Another telltale sign of an ailing water heater is noise from the tank. As the heater ages, rumbling noises will start emanating louder and louder as the tank heats up the water. In households that consume large amounts of hot water, the problem is likely to be even more pronounced once the cause takes hold. Noise from a water heater is generally due to the following causes:


As an aging water heater is continually called upon to heat and reheat water, sediment starts to form on the bottom of the tank. Over time, the sediment hardens and grows thicker along the tank floor. Sediment can wear a water heater down rapidly and lead to the following problems:

  • Accelerated Damage — the extra time that a tank spends heating water can cause the metal to turn brittle, which accelerates the likelihood of crack formation
  • Inefficiency — water heaters with sediment buildup consume more energy due to the increased strain involved in heating water.

Noise caused by sediment buildup is often an indicator that the tank will eventually leak. However, the damage that sediment causes can be stopped with the following method:


Water heaters should be flushed on an annual basis. Doing so drains the sediment from the tank, which then allows it to work more efficiently. With a yearly tank flush, a water heater is likelier to last for its full life expectancy of roughly ten years. It’s best to have licensed plumbing professionals perform the flushing.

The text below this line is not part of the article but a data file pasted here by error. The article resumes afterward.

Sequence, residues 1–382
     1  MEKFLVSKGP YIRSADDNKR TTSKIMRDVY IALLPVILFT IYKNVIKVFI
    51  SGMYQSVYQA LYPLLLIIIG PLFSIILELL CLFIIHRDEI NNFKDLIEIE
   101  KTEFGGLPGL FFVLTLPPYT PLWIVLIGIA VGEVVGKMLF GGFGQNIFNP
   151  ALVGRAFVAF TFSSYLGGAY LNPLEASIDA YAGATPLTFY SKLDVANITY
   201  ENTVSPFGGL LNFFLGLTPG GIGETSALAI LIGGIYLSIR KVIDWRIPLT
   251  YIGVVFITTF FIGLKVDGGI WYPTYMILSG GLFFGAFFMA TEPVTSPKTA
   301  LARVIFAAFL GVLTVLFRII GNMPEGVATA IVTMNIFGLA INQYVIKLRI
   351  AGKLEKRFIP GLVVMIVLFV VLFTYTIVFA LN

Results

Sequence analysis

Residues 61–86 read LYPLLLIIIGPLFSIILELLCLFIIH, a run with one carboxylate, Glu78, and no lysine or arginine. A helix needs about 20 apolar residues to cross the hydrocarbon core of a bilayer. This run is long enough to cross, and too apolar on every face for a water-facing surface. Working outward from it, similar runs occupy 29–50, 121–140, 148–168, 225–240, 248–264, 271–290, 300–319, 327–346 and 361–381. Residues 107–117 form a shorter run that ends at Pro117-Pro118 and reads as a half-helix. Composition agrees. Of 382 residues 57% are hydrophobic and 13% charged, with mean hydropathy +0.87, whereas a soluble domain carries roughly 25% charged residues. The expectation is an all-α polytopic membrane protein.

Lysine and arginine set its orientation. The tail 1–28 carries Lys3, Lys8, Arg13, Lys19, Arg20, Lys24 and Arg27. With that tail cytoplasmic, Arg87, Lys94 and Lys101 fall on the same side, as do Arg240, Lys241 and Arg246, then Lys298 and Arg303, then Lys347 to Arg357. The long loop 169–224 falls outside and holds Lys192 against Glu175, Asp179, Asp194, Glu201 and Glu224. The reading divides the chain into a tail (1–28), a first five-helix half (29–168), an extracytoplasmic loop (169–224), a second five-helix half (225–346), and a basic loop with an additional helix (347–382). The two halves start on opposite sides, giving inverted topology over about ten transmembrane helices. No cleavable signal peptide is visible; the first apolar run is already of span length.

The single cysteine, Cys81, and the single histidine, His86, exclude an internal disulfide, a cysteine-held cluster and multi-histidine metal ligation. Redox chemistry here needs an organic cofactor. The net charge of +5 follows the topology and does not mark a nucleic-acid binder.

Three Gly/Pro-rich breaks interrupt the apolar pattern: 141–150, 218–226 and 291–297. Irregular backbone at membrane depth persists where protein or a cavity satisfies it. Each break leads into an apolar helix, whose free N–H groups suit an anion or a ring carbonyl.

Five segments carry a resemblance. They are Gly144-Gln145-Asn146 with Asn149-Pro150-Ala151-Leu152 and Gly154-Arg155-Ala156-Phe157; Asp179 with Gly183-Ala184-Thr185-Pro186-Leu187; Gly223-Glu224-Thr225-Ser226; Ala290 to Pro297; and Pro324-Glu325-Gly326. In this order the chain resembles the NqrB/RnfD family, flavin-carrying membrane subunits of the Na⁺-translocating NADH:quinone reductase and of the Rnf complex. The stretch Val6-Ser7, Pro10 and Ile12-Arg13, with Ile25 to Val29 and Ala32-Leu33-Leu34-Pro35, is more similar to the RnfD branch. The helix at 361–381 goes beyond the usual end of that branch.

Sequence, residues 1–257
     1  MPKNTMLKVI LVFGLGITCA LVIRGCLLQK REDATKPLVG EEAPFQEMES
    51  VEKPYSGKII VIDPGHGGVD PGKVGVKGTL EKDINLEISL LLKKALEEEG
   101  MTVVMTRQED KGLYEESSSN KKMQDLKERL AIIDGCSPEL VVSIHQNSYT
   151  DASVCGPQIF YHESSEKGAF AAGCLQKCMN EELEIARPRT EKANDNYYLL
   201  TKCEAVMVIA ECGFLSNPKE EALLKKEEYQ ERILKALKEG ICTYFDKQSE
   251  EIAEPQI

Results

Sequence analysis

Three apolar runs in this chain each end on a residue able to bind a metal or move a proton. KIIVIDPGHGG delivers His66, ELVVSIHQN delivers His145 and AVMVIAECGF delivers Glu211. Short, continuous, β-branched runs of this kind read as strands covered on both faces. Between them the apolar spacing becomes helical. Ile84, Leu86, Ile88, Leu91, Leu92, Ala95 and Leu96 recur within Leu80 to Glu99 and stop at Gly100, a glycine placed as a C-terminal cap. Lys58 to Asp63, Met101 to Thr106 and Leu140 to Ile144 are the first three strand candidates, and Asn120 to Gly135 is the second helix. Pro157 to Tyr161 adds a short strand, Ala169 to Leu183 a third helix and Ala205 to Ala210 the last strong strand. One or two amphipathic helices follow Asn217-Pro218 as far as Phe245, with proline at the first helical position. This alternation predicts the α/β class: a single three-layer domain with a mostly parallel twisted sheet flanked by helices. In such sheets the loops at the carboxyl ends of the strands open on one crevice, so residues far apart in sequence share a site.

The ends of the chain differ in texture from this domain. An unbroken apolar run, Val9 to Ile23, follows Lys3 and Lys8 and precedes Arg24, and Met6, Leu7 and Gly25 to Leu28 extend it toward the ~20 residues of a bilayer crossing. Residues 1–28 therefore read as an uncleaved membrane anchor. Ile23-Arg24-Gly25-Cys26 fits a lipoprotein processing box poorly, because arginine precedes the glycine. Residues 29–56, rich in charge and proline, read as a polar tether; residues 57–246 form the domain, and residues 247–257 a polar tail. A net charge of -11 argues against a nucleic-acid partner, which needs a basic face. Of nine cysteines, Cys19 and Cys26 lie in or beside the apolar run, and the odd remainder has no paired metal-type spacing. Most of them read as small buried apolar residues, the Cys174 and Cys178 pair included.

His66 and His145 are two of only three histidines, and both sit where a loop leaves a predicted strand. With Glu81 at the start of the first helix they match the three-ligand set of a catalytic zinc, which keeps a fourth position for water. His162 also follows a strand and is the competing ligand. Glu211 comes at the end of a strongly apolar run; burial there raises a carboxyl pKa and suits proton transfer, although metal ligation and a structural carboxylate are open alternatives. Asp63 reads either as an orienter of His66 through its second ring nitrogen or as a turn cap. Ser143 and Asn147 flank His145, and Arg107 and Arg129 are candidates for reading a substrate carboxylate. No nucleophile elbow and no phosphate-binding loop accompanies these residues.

If a tank still makes noise once sediment has been flushed, there is probably a more serious problem with the water heater overall. In any case, healthy water heaters shouldn’t make noise. Those that creak or rumble despite periodic flushing is likely on the verge of a crack or leak and, therefore, should be replaced as soon as possible.


As your water heater nears the end of its life expectancy, there is an increased chance that you will see water appear on the floor around the tank. When you see water, it generally means one thing: leaks. Depending on where you have the water heater located inside your house, a leak could result in significant damage.  As such, a serious leak with your water heater can turn into a very dangerous problem in your home.